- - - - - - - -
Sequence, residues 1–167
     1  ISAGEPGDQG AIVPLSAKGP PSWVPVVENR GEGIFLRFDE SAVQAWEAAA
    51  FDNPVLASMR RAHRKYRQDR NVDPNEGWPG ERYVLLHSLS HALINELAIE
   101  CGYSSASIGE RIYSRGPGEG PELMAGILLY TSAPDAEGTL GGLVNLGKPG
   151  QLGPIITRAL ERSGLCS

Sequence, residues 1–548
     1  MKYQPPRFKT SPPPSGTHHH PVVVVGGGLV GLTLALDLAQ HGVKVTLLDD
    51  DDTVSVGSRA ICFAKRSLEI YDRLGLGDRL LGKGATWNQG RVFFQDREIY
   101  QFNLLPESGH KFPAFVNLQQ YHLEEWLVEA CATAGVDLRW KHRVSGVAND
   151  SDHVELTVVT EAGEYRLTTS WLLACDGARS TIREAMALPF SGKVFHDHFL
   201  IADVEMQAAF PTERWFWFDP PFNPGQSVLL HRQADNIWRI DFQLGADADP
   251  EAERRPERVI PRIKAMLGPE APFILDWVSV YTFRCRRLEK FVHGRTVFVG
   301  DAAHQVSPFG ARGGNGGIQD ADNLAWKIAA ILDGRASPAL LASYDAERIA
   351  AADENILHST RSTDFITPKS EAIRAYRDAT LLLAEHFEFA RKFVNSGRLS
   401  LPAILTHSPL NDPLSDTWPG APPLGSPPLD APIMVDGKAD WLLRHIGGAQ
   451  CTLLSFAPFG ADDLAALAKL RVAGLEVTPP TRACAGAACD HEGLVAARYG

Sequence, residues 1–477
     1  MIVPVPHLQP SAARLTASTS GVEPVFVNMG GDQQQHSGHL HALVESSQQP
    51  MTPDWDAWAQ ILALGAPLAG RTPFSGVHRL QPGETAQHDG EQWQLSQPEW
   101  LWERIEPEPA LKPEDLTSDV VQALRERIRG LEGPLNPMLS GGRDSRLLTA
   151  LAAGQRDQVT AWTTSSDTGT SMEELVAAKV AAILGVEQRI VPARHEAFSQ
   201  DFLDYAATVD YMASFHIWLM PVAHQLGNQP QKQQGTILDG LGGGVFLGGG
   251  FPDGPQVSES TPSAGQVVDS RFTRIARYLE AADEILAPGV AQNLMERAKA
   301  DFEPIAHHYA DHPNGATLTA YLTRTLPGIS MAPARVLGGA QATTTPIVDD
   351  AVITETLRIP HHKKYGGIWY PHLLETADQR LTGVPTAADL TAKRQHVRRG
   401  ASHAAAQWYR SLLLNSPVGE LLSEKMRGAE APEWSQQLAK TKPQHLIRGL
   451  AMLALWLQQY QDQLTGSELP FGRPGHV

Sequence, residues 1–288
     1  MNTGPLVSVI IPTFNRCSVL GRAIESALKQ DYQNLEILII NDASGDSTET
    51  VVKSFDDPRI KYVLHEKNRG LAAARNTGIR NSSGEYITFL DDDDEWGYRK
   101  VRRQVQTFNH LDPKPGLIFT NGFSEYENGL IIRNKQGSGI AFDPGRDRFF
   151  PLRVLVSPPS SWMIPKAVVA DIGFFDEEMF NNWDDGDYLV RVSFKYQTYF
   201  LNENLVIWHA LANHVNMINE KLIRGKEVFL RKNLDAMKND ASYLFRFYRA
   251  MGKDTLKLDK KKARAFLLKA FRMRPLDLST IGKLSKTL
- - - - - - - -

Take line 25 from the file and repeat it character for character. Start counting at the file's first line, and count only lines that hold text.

   351  AVITETLRIP HHKKYGGIWY PHLLETADQR LTGVPTAADL TAKRQHVRRG